The Carver School Memorial Park

Several years ago I was approached by a representative of a large Multinational Oil Corporation with the idea of designing a particularly challenging space in Baytown, TX.

The green pushpin area, enlarged:

I say “challenging” while many other words are certainly applicable, as I’m sure you’ll agree when you read more about the history of this particular area.

A little background: For well over a hundred years Baytown has been the site of vast  petrochemical complexes and refineries. Believe it or not, for many years in the late 18th and early 19th centuries, oil companies stored their crude oil in enormous earthen pits, usually at least 600 x 600 feet, and sometimes covered with shade cloth and/or wood type structures to keep out debris, birds, and the occasional wayward person from wandering in.  Such was certainly the case in Baytown Texas, where on this particular 11 acre site, one of these pits existed.  At some point in the growth and development of the oil industry, executives became aware that so much oil was lost through evaporation and absorption into the earth and the aquifer below, that it actually makes economic sense to build above-ground metal containers–the birth of the modern oil tank farm.

But what to do with this space?  In approximately 1940 it pumped out as much crude oil as possible, caved in the side walls with bulldozers, leveled the space, and then sold the land to the city of Baytown Texas for one dollar. Baytown built a segregated middle school on the property… the George Washington Carver Middle School.

Skip ahead to the 1990s, when decades of production of nearby oil pumps as well as the taxing demands of water consumption began causing subsidence, at which point  black tar and various hydrocarbons began oozing up to the surface— as bad luck would have it right in the middle of the playground facilities at the school. The furor which ensued  closed the school and fenced the entire 11 acre space.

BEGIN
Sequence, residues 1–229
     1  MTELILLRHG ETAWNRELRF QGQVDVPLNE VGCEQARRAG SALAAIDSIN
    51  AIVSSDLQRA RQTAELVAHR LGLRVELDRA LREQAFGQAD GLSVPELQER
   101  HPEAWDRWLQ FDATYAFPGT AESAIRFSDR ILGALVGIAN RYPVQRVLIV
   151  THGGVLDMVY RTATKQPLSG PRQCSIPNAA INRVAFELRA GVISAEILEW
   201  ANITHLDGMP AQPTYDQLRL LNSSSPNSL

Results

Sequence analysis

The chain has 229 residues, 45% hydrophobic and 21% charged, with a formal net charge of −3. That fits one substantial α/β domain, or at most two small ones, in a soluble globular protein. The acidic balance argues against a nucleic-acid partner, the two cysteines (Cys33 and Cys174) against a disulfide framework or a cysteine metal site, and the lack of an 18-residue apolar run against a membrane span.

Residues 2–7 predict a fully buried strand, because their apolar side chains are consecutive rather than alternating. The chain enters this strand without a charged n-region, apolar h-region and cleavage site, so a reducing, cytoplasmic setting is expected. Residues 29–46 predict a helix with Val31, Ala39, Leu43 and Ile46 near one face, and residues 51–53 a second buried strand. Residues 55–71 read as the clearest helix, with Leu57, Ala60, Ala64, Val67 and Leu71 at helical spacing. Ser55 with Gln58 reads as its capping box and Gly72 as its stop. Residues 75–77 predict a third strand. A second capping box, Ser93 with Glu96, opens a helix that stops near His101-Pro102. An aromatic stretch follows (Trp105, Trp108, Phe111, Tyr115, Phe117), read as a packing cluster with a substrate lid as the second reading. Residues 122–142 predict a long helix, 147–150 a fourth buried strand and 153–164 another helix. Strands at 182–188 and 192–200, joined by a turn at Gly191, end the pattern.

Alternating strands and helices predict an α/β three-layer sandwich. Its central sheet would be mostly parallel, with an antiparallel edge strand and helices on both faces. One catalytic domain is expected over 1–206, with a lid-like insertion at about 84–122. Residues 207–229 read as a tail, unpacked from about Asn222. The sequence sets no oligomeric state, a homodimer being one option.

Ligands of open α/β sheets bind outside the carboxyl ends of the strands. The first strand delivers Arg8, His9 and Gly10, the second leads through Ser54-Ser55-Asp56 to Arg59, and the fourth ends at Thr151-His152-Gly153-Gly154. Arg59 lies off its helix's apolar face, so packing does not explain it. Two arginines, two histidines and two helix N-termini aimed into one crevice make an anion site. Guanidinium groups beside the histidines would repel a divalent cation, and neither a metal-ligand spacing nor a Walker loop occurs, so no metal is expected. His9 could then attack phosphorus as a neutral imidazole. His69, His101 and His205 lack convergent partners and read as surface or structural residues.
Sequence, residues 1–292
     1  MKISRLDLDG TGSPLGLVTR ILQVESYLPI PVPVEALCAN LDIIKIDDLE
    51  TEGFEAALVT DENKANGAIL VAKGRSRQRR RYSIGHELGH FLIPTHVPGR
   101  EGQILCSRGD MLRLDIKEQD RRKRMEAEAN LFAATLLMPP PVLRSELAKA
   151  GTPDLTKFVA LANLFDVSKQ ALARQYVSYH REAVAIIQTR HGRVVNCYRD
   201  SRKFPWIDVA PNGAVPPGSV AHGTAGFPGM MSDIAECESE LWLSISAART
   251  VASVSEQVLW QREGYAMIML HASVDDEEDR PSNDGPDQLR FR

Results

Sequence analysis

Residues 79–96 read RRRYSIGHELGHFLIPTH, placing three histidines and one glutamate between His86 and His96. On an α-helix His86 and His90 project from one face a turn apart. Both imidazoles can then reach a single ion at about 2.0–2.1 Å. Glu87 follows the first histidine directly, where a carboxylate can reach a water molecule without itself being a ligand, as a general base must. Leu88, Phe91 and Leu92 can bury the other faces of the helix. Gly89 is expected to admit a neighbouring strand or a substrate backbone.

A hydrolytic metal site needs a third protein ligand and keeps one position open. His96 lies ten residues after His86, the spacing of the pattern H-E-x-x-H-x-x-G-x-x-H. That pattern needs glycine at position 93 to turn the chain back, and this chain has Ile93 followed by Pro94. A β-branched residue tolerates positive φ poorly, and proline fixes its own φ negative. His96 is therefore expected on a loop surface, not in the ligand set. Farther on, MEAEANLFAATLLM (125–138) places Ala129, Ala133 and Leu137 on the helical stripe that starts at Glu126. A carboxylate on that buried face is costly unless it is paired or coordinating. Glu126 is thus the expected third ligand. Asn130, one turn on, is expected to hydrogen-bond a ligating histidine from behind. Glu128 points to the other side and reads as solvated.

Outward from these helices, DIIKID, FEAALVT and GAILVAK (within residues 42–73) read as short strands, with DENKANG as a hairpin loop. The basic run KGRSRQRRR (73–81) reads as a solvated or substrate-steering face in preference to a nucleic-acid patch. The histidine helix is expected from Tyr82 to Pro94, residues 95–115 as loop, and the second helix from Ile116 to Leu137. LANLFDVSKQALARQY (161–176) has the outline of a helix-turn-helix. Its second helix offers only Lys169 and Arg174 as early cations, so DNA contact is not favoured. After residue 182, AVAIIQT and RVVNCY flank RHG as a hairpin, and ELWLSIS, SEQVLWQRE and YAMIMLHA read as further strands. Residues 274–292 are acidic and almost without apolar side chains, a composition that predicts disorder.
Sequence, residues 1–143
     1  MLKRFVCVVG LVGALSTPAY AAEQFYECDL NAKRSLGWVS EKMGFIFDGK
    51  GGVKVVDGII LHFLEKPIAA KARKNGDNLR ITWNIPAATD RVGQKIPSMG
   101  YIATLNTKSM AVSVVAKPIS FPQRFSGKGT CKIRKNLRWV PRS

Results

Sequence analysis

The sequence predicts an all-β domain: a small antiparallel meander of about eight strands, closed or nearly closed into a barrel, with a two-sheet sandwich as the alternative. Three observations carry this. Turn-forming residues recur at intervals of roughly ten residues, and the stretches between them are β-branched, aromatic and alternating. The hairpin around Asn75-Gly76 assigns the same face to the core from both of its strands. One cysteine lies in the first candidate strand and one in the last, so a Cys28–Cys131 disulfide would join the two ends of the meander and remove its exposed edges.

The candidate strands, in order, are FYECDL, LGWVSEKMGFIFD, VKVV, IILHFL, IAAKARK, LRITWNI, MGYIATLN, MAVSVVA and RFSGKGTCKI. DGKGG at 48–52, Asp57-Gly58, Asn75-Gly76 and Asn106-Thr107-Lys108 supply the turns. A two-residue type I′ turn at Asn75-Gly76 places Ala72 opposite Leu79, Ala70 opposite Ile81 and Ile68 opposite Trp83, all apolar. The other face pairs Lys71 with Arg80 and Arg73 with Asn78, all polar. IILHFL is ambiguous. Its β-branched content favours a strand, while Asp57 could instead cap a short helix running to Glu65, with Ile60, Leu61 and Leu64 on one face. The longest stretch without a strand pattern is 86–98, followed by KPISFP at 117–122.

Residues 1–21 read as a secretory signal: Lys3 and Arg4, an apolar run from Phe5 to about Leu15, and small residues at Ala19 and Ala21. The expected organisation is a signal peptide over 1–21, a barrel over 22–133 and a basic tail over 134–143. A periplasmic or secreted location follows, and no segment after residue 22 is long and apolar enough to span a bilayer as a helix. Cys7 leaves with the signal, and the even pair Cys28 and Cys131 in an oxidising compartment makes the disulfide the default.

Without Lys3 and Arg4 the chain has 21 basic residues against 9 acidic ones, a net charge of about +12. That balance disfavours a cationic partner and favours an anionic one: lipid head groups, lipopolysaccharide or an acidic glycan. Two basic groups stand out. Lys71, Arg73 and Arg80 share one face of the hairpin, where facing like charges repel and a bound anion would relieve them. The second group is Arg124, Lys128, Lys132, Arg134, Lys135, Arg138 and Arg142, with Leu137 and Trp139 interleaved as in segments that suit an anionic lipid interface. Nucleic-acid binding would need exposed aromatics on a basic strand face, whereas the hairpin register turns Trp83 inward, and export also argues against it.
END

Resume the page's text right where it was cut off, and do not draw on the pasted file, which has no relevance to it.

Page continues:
At some point, the city of Baytown gave the land back to the petrochemical company, and the land has sat vacant ever since, except for a school bus park, which sits on the northern end of the property. The legal wrangling is just ridiculously sad, and the end result is that my design has been in stasis for some time now. And what is that design?

Among the design objectives were such diverse elements as:

  • A permanent memorial to the children, parents, and faculty of George Washington Carver Elementary
  • A destination park
  • Native trees, shrubs, and grasses creating a certified wildlife habitat
  • Phytoremediation to alleviate existing problematic soil conditions (tarsands)
  • Migratory feeding station for the Ruby-throated Hummingbird (Archilochus colubris) as well as the Monarch butterfly (Danaus plexippus)

Engineers and legal folks fought tooth and nail for a clay cap over the contaminated area. ‘Clay caps’ are in my opinion ridiculous,  short term solutions to alleviating the problems which arise when humans interact near toxic or contaminated soils: Lay 3-4 feet of clay on top, and it’s a job well done. It’s primitive. (Obviously there is more to it than that, however not much more.)

Among many other solutions, one I suggested was a dense stand of tall prairie grasses such as Switch Grass (Panicum virgatum), Indian Grass (Sorghastrum nutans), and Big Bluestem (Andropogon gerardi).

The tall prairie grasses have enormous, deep rootsystems that easily plunge 12-15′ in depth. Over time, these grasses break up and accumulate via nutritional uptake methods, a wide variety of heavy metals and other materials, which are ‘vacuumed’ up and stored in the plant’s tissue. Such plants are called hyperaccumulators, and there’s ample evidence supporting the efficacy of using phytoremediation in this space.

Here is the original rendering, a 3 foot by 5 foot color sketch on vellum which outlines the proposed solutions as well as ways in which the history of the space could be memorialized (please click the image for greater detail).

To date the space sits as it did when I first saw it. A complex and baffling layercake of fireblankets weigh it all down from moving forward.